Linguists shed new light on Gilgamesh epic using AI tool

February 6, 2023 - 19:17

TEHRAN - Linguists at the Ludwig Maximilian University in Germany’s Institute for Assyriology say they have created an artificial intelligence (AI) bot to help piece together and decipher illegible fragments of ancient Babylonian texts. “The Fragmentarium” is the name given to it.

Since 2018, Enrique Jiménez, professor of ancient Near, Eastern literature at the Institute of Assyriology at LMU and his group have been working to digitize every cuneiform tablet still in existence. The project has processed up to 22,000 text fragments during that time.

“It’s a tool that didn’t exist before, a huge database of fragments. We believe it can play a vital role in reconstructing Babylonian literature, allowing us to make much faster progress,” Arkeonews quoted Jiménez as saying on Sunday.

Aptly named the Fragmentarium, it is designed to piece together fragments of text using systematic, automated methods. The designers expect that the program will also be able to identify and transcribe photos of cuneiform scripts in the future. To date, thousands of additional cuneiform fragments have been photographed in collaboration with the British Museum in London and the Iraq Museum in Baghdad.

The team is training an algorithm to piece together fragments that have yet to be situated in their proper context. Already, the algorithm has newly identified hundreds of manuscripts and many textual connections.

According to, in November 2022, for example, the software recognized a fragment that belongs to the most recent tablet of the Gilgamesh epic, which dates from the year 130 BC—making it thousands of years younger than the earliest known version of the Epic. It is very interesting, remarks Jiménez, that people were still copying Gilgamesh at this late period.

In February 2023, the LMU researcher will publish the Fragmentarium. For the first time, he will also release a digital version of the Epic of Gilgamesh. The new edition will be the first to contain all known transcriptions of cuneiform fragments to date.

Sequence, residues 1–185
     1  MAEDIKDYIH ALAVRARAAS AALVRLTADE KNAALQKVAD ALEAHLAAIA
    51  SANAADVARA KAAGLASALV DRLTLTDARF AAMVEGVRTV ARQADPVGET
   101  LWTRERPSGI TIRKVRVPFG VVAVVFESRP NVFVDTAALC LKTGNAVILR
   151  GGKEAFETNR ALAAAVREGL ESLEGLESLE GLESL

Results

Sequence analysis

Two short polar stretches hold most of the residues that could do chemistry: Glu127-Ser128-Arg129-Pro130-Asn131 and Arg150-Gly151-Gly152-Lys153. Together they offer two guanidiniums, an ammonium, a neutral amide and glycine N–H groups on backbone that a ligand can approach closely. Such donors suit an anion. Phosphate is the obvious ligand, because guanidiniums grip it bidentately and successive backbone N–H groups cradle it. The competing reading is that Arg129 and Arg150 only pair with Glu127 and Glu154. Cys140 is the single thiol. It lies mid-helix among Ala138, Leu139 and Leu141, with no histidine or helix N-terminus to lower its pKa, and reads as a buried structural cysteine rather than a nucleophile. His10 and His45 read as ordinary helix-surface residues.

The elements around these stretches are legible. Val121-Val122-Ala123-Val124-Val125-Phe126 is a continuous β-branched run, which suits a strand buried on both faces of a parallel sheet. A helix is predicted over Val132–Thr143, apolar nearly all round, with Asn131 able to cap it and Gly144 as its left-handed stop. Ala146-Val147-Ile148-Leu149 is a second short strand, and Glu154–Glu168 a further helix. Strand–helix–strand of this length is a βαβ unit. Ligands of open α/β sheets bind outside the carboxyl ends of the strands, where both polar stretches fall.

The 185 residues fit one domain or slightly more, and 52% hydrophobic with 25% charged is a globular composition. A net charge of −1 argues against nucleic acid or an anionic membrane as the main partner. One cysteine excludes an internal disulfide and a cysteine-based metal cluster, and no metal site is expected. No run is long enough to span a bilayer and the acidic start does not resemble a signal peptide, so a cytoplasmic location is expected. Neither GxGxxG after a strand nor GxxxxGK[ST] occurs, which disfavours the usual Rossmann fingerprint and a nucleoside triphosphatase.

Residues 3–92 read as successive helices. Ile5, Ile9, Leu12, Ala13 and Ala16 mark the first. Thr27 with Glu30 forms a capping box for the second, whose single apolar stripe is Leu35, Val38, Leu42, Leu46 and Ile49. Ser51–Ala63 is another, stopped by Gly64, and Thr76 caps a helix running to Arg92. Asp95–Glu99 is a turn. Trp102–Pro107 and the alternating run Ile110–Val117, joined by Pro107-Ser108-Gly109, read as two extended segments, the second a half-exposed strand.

Since the project started, around 200 scholars worldwide have had access to the online platform for their research projects. Now it is to be made available to the public as well. “Everybody will be able to play around with the Fragmentarium. There are thousands of fragments that have not yet been identified,” says Jiménez.

Gilgamesh is the subject of many stories in the Akkadian language, and the entire collection has been referred to as an odyssey—the odyssey of a king who did not want to die.

The 12 incomplete Akkadian-language tablets that were discovered at Nineveh in the library of the Assyrian king Ashurbanipal (reigned 668–627 BC) contain the most complete version of the Gilgamesh epic. Different fragments discovered elsewhere in Mesopotamia and Anatolia have partially filled the gaps that exist in the tablets.

Additionally, five brief Sumerian poems with the titles “Gilgamesh and Huwawa,” “Gilgamesh and the Bull of Heaven,” “Gilgamesh and Agga of Kish,” “Gilgamesh, Enkidu, and the Netherworld,” and “The Death of Gilgamesh” have been discovered on tablets that were written during the first half of the 2nd millennium BC.

The prologue of the Ninevite version of the epic is a eulogy for Gilgamesh, who is described as a great builder and warrior who is knowledgeable about all things on land and sea and who is both divine and human. Enkidu, a wild man who initially lived among animals, was created by the god Anu to temper Gilgamesh’s ostensibly strict rule.


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